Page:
Kentucky unit implements changes to PHA, gets results

Story by Staff Sgt. David Bolton, 133rd Mobile Public Affairs Detachment

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Soldiers assigned to the 138th Field Artillery Brigade conduct annual Periodic Health Assessments Jan. 10, 2015 at Boone National Guard Center in Frankfort, Ky. The 138th conducted the PHA as a self-sustaining unit which did not have to rely on the support from civilian contractors to complete. This self-sustaining capability allowed for minimal delays and saw roughly 350 Soldiers processed over the course of the three-day drill weekend. (U.S. Army National Guard photo by Staff Sgt. David Bolton)

FRANKFORT, Ky. – Soldiers of the 138th Field Artillery Brigade conducted Periodic Health Assessment examinations at the Troop Medical Center Jan. 10, 2015, at Boone National Guard Center in Frankfort. Expediency was the word of the day as the 138th processed roughly 350 Soldiers in just a span of three days; accomplished by implementing some unique changes to the PHA.

“Before it might take a Soldier two or three days to complete a PHA,” said said Sgt. 1st Class Dennis Deatly, 138th brigade medical operations noncommissioned officer. “Now we can push through 120 Soldiers a day. By staggering the units, we can get them through in a day or half a day, so they can get back to the training they need to do.”

“A lot of changes have been subtle, but have had a tremendous impact,” said 1st Lt. John Cebak, a brigade medical officer with the 138th. “Experience is one of those. Having medics and personnel who have done this before and are familiar with the process, facilitates a natural flow.”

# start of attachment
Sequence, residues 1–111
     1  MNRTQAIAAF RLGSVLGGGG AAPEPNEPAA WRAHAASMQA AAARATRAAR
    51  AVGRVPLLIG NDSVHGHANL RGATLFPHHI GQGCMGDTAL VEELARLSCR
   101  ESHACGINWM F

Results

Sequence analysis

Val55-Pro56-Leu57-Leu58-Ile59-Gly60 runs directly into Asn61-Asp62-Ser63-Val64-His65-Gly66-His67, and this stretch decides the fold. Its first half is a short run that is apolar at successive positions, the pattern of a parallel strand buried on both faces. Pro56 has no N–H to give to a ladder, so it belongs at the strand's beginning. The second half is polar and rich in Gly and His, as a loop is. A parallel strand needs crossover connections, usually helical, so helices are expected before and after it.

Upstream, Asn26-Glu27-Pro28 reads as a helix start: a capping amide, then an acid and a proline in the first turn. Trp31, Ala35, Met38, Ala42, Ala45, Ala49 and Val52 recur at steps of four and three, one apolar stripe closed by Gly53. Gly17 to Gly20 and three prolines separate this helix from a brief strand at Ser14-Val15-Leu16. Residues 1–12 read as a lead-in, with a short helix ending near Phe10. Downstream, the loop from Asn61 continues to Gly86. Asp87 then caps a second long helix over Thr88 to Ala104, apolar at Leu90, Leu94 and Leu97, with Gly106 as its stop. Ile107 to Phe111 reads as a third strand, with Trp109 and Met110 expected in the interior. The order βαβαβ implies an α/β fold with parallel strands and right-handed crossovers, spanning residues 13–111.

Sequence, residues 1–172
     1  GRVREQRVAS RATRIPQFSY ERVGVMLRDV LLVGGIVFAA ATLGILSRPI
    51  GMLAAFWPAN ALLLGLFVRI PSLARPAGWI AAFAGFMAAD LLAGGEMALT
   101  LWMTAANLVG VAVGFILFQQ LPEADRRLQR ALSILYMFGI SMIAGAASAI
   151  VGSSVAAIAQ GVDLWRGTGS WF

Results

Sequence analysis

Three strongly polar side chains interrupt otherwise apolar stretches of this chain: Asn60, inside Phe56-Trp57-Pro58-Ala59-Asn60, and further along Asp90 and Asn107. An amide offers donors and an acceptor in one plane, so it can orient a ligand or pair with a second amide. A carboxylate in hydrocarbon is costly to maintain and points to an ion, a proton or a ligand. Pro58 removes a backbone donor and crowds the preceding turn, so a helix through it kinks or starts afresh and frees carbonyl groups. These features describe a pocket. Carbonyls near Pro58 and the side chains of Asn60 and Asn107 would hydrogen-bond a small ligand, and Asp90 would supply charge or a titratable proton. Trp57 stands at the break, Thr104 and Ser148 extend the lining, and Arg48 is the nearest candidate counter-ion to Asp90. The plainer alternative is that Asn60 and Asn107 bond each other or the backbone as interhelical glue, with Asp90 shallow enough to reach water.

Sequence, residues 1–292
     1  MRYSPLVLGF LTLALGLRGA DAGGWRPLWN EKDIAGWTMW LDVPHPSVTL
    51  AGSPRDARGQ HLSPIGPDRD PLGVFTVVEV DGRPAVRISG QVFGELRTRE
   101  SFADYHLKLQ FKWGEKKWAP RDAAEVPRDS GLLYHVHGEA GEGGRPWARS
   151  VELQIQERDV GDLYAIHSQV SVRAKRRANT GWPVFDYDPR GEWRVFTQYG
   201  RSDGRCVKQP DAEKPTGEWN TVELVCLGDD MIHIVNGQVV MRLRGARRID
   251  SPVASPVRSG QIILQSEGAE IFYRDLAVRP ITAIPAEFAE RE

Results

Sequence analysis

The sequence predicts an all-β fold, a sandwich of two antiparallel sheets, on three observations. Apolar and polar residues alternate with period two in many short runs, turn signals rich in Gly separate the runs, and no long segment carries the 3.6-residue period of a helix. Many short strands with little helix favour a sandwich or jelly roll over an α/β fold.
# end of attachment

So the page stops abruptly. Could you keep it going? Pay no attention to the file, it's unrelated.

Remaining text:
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Soldiers assigned to the 138th Field Artillery Brigade conduct annual Periodic Health Assessments Jan. 10, 2015 at Boone National Guard Center in Frankfort, Ky. The 138th conducted the PHA as a self-sustaining unit which did not have to rely on the support from civilian contractors to complete. This self-sustaining capability allowed for minimal delays and saw roughly 350 Soldiers processed over the course of the three-day drill weekend. (Kentucky National Guard photo by Staff Sgt. David Bolton/ 133 Mobile Public Affairs Detachment)

These implementations have allowed the 138th to become a fully self-sustaining unit. This means the unit no longer has to rely on the support of civilian contractors to assist in its medical readiness. With stations that include vitals, vision, height/weight, hearing, dental, immunizations and blood draws, this autonomy has been a boon.

“We have everything we need right here,” said Spc. Nolan Boatwright, a medic at BNGC in charge of running PHAs. “We have case managers, physicians assistants, a state surgeon, behavioral health professionals and more than enough medics to staff a PHA.”

Because the 138th does not have to rely on outside support, the medical members of the unit have had the opportunity to train in many areas necessary to the PHA mission. The ability to have this kind of lateral leeway has helped expedite the entire PHA process for the rest of the Soldiers assigned to the 138th.

“It’s a lot of cross-training,” said Deatly. “The training these medics are getting is invaluable. Any of my medics can go to any station in this process, sit down and do it.”

Deatly said the training offered the chance for the Soldiers to get more experience with the responsibilities they will need to take care of in the future as they progress in their careers. He also said the use of Medical Command’s facilities has been an extraordinary asset to their mission.

The end goal of the three-day PHA was to make sure the Soldiers of the 138th were physically fit for duty; not just on the battlefield but on the home front as well.

“The goal is to get the brigade Soldiers evaluated medically to make sure they are able to deploy if needed and to maintain the fighting force,” said Lt. Col. Kevin Pettus, the brigade surgeon for the 138th. “It’s good for the public to be aware that the Soldiers who have come through and are part of the Kentucky National Guard understand their dual role to support their country and their neighbor.”

Video by Spc. Cody Cooper, 133rd MPAD

 

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